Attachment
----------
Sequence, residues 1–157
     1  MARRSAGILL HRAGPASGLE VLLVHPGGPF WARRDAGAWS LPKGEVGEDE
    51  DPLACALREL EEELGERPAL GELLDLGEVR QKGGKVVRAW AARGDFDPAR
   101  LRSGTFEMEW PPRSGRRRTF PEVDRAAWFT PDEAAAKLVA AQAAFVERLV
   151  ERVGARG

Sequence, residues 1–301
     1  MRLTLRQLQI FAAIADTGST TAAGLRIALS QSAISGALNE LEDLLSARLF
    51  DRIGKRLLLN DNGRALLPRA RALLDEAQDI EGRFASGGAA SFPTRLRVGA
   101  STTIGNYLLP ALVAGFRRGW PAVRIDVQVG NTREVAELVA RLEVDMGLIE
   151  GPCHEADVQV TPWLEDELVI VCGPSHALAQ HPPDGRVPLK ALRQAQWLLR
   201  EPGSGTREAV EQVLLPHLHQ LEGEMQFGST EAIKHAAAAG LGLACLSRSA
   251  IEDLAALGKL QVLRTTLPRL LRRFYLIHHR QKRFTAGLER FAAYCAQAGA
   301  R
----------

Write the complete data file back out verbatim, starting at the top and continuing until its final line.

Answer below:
Sequence, residues 1–157
     1  MARRSAGILL HRAGPASGLE VLLVHPGGPF WARRDAGAWS LPKGEVGEDE
    51  DPLACALREL EEELGERPAL GELLDLGEVR QKGGKVVRAW AARGDFDPAR
   101  LRSGTFEMEW PPRSGRRRTF PEVDRAAWFT PDEAAAKLVA AQAAFVERLV
   151  ERVGARG

Sequence, residues 1–301
     1  MRLTLRQLQI FAAIADTGST TAAGLRIALS QSAISGALNE LEDLLSARLF
    51  DRIGKRLLLN DNGRALLPRA RALLDEAQDI EGRFASGGAA SFPTRLRVGA
   101  STTIGNYLLP ALVAGFRRGW PAVRIDVQVG NTREVAELVA RLEVDMGLIE
   151  GPCHEADVQV TPWLEDELVI VCGPSHALAQ HPPDGRVPLK ALRQAQWLLR
   201  EPGSGTREAV EQVLLPHLHQ LEGEMQFGST EAIKHAAAAG LGLACLSRSA
   251  IEDLAALGKL QVLRTTLPRL LRRFYLIHHR QKRFTAGLER FAAYCAQAGA
   301  R